Montserrat lays out the answers to these questions, along with many more details in their extensive reopening plan.
Like with the Phoenix School and the Waldorf School at Moraine Farm, Montserrat has the unique position of being a small school that provides customized learning for all of its students.
“We’re going to have one on one conversations with each and every student about their academic schedule,” Steinburg said, “we’ve had these listening sessions in groups, and then we’re transitioning to one-on-one dialogue to hear about their concerns and answer whatever questions they have about the upcoming fall.
“Because one thing that we are making clear to everybody is that we are not forcing [anyone] to come back to school. If you are concerned about coming back to school, there is a remote option for you,” he added.
The hope for both Private and Public schools is that the solutions they’ve come up with for education in the fall will actually work, but little is known about how reasonable a hope that is.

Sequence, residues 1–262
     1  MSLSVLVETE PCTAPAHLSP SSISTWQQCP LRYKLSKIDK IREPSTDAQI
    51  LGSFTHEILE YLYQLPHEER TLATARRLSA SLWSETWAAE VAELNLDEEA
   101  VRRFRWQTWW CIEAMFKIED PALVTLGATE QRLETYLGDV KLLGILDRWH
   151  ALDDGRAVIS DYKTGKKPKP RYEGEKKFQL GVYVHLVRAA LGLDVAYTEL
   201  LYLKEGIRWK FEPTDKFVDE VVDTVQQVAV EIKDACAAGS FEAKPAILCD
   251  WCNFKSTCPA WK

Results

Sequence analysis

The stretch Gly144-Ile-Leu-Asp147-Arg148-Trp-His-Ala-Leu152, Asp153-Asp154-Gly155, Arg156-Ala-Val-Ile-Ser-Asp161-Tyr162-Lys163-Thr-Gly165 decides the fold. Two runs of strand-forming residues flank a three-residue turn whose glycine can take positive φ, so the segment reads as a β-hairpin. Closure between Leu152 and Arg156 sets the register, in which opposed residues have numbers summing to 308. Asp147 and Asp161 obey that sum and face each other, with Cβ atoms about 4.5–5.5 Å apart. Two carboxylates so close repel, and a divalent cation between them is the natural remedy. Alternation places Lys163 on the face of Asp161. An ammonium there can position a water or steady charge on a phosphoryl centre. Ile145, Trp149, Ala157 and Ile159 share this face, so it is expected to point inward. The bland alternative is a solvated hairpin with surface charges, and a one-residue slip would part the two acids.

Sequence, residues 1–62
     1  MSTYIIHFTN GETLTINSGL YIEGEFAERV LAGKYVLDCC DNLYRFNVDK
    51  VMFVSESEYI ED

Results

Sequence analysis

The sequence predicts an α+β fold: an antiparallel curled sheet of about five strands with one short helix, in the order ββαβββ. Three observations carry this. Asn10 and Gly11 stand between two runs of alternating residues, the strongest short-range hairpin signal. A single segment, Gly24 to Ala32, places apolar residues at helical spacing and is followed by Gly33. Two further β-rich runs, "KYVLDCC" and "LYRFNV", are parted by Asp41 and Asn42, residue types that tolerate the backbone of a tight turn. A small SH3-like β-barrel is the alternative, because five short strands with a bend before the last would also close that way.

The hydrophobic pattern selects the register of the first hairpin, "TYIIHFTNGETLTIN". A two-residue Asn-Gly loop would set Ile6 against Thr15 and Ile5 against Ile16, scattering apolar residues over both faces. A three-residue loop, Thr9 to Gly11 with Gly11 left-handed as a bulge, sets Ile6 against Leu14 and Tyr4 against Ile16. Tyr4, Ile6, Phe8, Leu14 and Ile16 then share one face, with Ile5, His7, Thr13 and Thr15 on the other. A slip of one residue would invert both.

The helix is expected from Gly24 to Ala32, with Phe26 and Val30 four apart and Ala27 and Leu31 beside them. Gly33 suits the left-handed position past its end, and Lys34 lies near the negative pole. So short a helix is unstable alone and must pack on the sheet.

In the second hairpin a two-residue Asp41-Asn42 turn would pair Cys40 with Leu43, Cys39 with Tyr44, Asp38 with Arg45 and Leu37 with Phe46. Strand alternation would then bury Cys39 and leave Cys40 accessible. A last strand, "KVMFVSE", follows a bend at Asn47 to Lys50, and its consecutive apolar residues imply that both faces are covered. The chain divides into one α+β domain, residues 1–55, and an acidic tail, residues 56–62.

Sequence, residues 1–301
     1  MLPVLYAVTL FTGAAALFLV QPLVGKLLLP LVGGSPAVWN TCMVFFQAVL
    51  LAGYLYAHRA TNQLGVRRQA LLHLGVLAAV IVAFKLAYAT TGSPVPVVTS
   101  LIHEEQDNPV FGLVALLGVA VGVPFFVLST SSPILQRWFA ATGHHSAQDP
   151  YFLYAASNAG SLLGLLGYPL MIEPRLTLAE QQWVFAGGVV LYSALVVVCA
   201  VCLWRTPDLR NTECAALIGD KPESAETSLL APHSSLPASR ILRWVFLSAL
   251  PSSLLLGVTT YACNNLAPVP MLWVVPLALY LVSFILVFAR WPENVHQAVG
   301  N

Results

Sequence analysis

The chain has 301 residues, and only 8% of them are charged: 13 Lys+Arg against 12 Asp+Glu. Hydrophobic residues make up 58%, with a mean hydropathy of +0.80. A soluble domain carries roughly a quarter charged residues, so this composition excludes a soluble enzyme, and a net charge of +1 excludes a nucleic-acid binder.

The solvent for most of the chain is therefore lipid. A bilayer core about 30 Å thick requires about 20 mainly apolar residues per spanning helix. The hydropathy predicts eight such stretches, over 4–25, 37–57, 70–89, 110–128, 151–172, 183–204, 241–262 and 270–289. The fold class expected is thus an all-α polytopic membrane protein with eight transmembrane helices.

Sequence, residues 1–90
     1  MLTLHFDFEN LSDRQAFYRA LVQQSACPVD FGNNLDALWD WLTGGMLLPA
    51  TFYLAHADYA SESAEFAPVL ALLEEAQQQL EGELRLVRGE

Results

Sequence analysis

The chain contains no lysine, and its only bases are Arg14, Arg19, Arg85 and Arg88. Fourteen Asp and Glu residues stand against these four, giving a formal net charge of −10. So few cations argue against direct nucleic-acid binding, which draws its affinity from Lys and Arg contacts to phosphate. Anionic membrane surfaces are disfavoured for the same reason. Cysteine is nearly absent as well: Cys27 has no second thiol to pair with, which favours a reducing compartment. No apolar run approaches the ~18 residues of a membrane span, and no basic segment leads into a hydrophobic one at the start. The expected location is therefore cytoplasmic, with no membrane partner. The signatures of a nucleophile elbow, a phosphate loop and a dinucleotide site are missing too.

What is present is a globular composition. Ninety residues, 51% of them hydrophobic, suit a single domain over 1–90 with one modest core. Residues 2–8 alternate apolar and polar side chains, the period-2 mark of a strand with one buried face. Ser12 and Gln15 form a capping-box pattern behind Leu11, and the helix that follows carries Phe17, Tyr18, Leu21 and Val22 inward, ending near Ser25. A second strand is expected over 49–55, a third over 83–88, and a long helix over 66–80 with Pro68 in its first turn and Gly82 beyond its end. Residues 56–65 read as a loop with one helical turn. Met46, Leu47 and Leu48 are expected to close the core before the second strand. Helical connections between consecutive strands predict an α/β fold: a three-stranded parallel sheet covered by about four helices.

Many believe that a phased in, hybrid approach is the best bet, with the knowledge that some help will be needed raising online learning to the standards of in-person learning as quickly as possible so that if outbreaks occur, students will still have access to their education.
As of today, many schools, both Private and Public, are planning to re-open remotely with a phased-in approach. Smaller private schools reopening in person like the Phoenix School and the Waldorf School at Moraine Farm are becoming the exception, not the rule.
Joey Phoenix is the Managing Editor of Creative North Shore and the Digital Content Manager for North Shore Pride. They spend way too much time thinking about how to spell the word grey (gray) and love hearing about what’s happening North of Boston. Email them story ideas or pictures of cephalopods at firstname.lastname@example.org